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Undocumented Immigrant Bound by Bad Plea Deal

(CN) - Even if a judge wrongly amped up his sentence for a "crime of violence," a man imprisoned for more than four years for illegally entering the United States after being deported waived his right to appeal, the Ninth Circuit ruled on Wednesday.

On Jan. 8, 2013, Mexican citizen Jose Medina-Carrasco was arrested in Arizona nearly three years after his first expulsion from the United States.

His "fast-track" plea deal listed 18 different possible sentencing ranges, the lightest spanning between four to 10 months imprisonment and the heaviest putting him behind bars from six to seven years.

Despite the wildly uncertain range, Medina-Carrasco signed an extensive waiver of his appellate rights as to any of the possible outcomes.

Medina-Carrasco had a prior conviction for aggravated assault, which triggered a sharp increase in his sentence exposure for a "crime of violence."

The Ninth Circuit's opinion reveals few details of the circumstances of that past offense, except to say that prosecutors now concede it was not violent.

However, Medina-Carrasco's defense attorney did not object to this penalty, and it stiffened the sentence handed down by U.S. District Judge Raner Collins to 55 months behind bars.

A divided panel of the Ninth Circuit ruled Wednesday that Medina-Carrasco signed away his rights to contest the harsher sentence.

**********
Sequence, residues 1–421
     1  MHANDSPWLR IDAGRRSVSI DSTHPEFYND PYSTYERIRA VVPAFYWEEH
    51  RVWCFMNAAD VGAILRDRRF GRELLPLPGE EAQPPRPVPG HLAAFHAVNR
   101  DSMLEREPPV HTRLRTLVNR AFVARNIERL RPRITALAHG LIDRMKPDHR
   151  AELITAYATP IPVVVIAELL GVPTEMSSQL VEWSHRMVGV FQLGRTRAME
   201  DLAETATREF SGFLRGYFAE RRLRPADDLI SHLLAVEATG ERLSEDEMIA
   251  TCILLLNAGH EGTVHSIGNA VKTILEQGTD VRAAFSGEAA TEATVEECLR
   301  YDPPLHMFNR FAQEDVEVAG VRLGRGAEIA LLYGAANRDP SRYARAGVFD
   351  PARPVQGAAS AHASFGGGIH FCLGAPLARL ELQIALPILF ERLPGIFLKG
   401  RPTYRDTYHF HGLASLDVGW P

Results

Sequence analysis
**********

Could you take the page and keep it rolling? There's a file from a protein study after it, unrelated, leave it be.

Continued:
"We cannot accept defendant's alternate interpretation for two reasons," Circuit Judge Susan Graber wrote for the majority.

"First, defendant's reading would render meaningless the express waiver of the right to challenge 'any sentencing guideline determinations,' contrary to basic principles of contract interpretation," Graber wrote for the majority. "Second, to allow an allegedly incorrect guidelines calculation to render inapplicable a waiver of the right to appeal sentencing guidelines determinations 'would nullify the waiver based on the very sort of claim it was intended to waive.'"

Dissenting Judge Paul Friedman, sitting by designation from the District of Columbia, noted that such waivers can only be upheld if they are signed "knowingly and intelligently."

"A defendant cannot know what he or she has given up by waiving the right to appeal until after the judge and counsel have reviewed a yet-to-be-prepared presentence investigation report, after the judge has considered other information not known to the defendant at the time of the plea, and after the judge has actually imposed sentence," Friedman wrote. "By then it is too late, no matter how disproportionate the sentence or how egregious the procedural or substantive errors committed by the sentencing judge or the defendant's own counsel."

In Medina-Carrasco's case, his waiver forced him to predict that his sentence would be miscalculated.

"Such prospective waivers in anticipation of unknown future events are inherently unknowing and unintelligent," Friedman wrote.

Medina-Carrasco's attorney Jill Thorpe did not immediately respond to email and telephone requests for comment.

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